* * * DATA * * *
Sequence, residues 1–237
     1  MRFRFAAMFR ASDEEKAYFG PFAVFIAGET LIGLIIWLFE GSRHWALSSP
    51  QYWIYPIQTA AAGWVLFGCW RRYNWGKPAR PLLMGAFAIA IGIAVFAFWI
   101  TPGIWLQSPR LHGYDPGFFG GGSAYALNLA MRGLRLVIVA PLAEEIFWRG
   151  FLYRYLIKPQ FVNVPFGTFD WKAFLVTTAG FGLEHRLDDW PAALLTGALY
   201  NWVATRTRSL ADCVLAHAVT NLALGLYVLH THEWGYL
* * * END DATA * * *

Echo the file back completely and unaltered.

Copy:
Sequence, residues 1–237
     1  MRFRFAAMFR ASDEEKAYFG PFAVFIAGET LIGLIIWLFE GSRHWALSSP
    51  QYWIYPIQTA AAGWVLFGCW RRYNWGKPAR PLLMGAFAIA IGIAVFAFWI
   101  TPGIWLQSPR LHGYDPGFFG GGSAYALNLA MRGLRLVIVA PLAEEIFWRG
   151  FLYRYLIKPQ FVNVPFGTFD WKAFLVTTAG FGLEHRLDDW PAALLTGALY
   201  NWVATRTRSL ADCVLAHAVT NLALGLYVLH THEWGYL